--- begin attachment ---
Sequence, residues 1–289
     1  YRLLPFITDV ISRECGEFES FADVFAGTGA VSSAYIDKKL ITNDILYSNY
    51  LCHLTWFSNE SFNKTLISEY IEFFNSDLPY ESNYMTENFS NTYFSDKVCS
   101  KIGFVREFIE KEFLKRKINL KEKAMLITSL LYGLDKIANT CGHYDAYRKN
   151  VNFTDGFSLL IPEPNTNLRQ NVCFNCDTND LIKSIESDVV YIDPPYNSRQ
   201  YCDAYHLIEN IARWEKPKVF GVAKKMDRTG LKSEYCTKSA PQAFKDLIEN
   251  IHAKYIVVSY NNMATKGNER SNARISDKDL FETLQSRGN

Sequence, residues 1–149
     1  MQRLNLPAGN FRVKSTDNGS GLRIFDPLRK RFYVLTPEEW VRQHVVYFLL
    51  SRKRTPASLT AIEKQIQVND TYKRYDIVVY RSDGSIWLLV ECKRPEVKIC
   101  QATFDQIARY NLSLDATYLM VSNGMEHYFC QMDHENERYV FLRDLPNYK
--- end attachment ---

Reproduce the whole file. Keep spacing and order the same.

Sequence, residues 1–289
     1  YRLLPFITDV ISRECGEFES FADVFAGTGA VSSAYIDKKL ITNDILYSNY
    51  LCHLTWFSNE SFNKTLISEY IEFFNSDLPY ESNYMTENFS NTYFSDKVCS
   101  KIGFVREFIE KEFLKRKINL KEKAMLITSL LYGLDKIANT CGHYDAYRKN
   151  VNFTDGFSLL IPEPNTNLRQ NVCFNCDTND LIKSIESDVV YIDPPYNSRQ
   201  YCDAYHLIEN IARWEKPKVF GVAKKMDRTG LKSEYCTKSA PQAFKDLIEN
   251  IHAKYIVVSY NNMATKGNER SNARISDKDL FETLQSRGN

Sequence, residues 1–149
     1  MQRLNLPAGN FRVKSTDNGS GLRIFDPLRK RFYVLTPEEW VRQHVVYFLL
    51  SRKRTPASLT AIEKQIQVND TYKRYDIVVY RSDGSIWLLV ECKRPEVKIC
   101  QATFDQIARY NLSLDATYLM VSNGMEHYFC QMDHENERYV FLRDLPNYK